Cue the finale of the "Lord of the Rings" soundtrack and sing along with "Into the West."
"I wish it need not have happened in my time," said Frodo.
"So do I," said Gandalf, "and so do all who live to see such times. But that is not for them to decide. All we have to decide is what to do with the time that is given to us."
And then, in a real look over the edge, he offers:
"Then Frodo kissed Merry and Pippin, and last of all Sam, and went abroad; and the sails were drawn up, and the wind blew, and slowly the ship slipped away down the long grey firth; and the light of the glass of Galadriel that Frodo bore glimmered and was lost. And the ship went out into the High Sea and passed on into the West, until at last one night of rain Frodo smelled a sweet fragrance on the air and heard the sound of singing that came over the water. And then it seemed to him that as in his dream in the house of Bombadil, the grey rain-curtain turned all to silver glass and was rolled back, and he beheld white shores and beyond them a far green country under a swift sunrise."
-- J.R.R. Tolkien, The Lord of the Rings
So why is this Anglican traditionalist so upset, if so many of the mainstream press reports about the meeting -- especially the early Associated Press coverage -- have things right? I mean, the headline in the conservative Washington Times bluntly states: "Episcopal bishops back off support for gays."
But this is the rare case where conservative Episcopalians are all waking up this morning, hitting the Internet and then most of them are (please sit down) having to speak words that they never expected to say under these circumstances: "The New York Times gets it."
Yes indeed, the Times has the best report that I have seen today on the business-as-usual statement that the U.S. bishops served up at the end of their tense gathering in New Orleans. The headline on the Neela Banerjee story was blunter than blunt: "Episcopal Bishops Reject Anglican Church's Orders." And here is the top of the story:
Bishops of the Episcopal Church on Tuesday rejected demands by leaders of the worldwide Anglican Communion to roll back the church's liberal stance on homosexuality, increasing the possibility of fracture within the communion and the Episcopal Church itself.
After nearly a week of talks at their semiannual meeting in New Orleans, the House of Bishops adopted a resolution that defied a directive by the Anglican Communion's regional leaders, or primates, to change several church policies regarding the place of gay men and lesbians in their church. But the bishops also expressed a desire to remain part of the communion, and they appeared to be trying to stake out a middle ground that would allow them to do so. ...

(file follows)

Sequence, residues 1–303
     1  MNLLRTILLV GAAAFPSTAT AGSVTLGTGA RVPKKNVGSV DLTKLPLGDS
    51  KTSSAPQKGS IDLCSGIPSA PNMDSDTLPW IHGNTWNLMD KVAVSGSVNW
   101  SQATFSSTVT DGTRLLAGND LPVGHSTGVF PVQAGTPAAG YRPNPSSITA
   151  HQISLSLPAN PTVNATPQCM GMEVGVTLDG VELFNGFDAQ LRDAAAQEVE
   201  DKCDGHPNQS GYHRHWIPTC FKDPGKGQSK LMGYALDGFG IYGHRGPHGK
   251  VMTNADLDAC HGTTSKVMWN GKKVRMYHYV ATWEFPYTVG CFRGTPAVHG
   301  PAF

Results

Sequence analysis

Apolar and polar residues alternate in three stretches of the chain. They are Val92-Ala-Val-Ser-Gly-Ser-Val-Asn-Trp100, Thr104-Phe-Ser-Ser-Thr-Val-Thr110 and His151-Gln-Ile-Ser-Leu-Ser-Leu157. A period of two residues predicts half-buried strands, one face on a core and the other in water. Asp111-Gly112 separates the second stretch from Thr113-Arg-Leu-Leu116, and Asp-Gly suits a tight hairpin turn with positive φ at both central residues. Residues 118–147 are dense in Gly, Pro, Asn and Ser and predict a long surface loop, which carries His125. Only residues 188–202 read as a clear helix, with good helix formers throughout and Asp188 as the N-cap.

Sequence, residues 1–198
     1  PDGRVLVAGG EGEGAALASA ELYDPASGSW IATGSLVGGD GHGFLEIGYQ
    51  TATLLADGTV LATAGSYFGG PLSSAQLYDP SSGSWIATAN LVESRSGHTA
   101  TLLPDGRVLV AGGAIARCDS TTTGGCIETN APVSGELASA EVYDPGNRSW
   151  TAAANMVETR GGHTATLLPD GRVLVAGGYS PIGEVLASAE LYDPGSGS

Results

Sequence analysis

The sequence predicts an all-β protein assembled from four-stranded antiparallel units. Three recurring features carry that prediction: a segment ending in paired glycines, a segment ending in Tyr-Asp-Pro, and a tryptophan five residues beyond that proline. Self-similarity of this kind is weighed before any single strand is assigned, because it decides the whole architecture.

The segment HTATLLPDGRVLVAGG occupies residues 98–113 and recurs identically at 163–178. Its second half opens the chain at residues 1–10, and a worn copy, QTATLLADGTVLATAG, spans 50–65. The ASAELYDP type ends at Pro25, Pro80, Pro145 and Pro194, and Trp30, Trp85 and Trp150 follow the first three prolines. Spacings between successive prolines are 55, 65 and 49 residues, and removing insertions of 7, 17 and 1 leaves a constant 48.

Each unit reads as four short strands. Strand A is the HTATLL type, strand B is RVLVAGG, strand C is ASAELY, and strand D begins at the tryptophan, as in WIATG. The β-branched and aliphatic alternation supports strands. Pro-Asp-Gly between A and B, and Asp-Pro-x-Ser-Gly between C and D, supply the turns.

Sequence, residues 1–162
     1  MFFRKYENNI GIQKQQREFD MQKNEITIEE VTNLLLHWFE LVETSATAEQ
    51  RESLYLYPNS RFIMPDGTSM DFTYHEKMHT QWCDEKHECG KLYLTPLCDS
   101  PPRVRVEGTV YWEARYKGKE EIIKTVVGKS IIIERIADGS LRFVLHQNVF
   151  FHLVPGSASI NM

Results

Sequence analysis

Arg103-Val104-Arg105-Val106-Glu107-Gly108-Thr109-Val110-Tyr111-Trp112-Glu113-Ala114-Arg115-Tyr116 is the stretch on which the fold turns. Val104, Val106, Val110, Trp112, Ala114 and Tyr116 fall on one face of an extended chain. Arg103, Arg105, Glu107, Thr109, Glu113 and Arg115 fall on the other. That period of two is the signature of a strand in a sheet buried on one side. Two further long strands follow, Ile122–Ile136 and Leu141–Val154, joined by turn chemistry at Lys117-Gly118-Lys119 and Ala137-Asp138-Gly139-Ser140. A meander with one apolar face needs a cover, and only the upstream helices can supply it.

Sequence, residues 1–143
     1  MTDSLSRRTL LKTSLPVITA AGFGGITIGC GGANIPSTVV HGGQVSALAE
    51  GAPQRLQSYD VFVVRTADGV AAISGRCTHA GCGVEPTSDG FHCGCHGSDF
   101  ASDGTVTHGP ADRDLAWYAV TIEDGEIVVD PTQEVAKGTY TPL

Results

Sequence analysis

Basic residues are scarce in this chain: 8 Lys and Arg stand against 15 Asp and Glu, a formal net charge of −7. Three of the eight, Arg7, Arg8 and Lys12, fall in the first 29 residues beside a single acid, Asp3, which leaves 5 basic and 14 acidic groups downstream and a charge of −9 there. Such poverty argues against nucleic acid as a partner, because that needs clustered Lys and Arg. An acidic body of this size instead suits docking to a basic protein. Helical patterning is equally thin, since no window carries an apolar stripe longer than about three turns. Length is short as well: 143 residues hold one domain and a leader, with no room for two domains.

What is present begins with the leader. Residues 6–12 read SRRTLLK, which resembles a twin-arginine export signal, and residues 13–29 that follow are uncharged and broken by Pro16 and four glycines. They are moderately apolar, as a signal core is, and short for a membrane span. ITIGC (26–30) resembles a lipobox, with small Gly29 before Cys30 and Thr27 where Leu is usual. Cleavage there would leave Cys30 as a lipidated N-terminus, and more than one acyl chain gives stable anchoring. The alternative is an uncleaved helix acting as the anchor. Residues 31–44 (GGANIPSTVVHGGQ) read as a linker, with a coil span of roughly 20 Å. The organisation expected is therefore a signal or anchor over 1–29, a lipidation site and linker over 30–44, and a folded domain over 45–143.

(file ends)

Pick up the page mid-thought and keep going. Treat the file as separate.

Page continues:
In a voice vote, all but one bishop supported a resolution, called "A Response to Questions and Concerns Raised by Our Anglican Communion Partners." Several conservative bishops who are considering leaving the Episcopal Church were not in attendance. The resolution affirmed the status quo of the Episcopal Church, both theological conservatives and liberals said.
There is all kind of commentary out there in the usual places, too many to list on this busy morning. But you can always start with Stand Firm on the right and Episcopal Cafe or Episcopal Life on the left.
At the moment, there is some interesting silence or near silence on the left.
What we may be watching is a moment of confusion among the progressives, between those who are in favor of being candid and those who are in favor of strategic silence and yet another via media Anglican compromise. After all, the compromises always push -- slowly -- in the direction of change and away from tradition.
With that in mind, I would suggest that those seeking reaction on the left turn to the Inclusive Church weblog, where the Rev. Scott Gunn's reaction to the bishops' statement was, amazingly enough, not all that different from that of Harmon. In fact, there are links in this blunt Gunn post that hint at a candid, honest dialogue about what might happen next.
This is one of those moments where there is candor on the honest left, candor on the right and a large fog bank in the middle, where the lawyers and Episcopal Church establishment are taking their time and, perhaps, trying to run out the clock. Perhaps they are hoping that the Global South bishops will make the first big move, which might allow the ecclesiastical strategists in England to make the final ruling.
This story is, sadly, going to run on and on and on. Once again, repeat after me: The Africans pray, the Americans pay and the British write the resolutions.
Gunn had this to say, in a weblog posting that I quoted in my Scripps Howard News Service column today. Click here if you want to see that piece.
By the way, it helps to know that "SSB's" stands for "same-sex blessings" in the following material:
SSB's are happening all over the place, with official sanction of diocesan authorities in a few places. Now I happen to believe that SSB's are completely in line with Christian practice and belief. And I long for the day when we can celebrate these blessed moments publicly as a church. But we're trying to have it both ways here. We're doing them, but we're saying that they're not sanctioned.
As a province, I think we [the Episcopal Church] should do one of two things. We should either come out and say what we're doing and why (with strong biblical and theological support), or we should stop doing it. If we take the first option, let's face the consequences, if any. It is neither honest nor helpful to do something and then say we're not doing it. It smacks of the worst kind of American imperialism to tell the primates that we've honored their requests, when we really haven't.
Please use the comments pages to post the URLs of the best news reports and commentary pieces that you have seen today. And, as a personal note, let me know if you find anyone who is starting to sing "Into the East."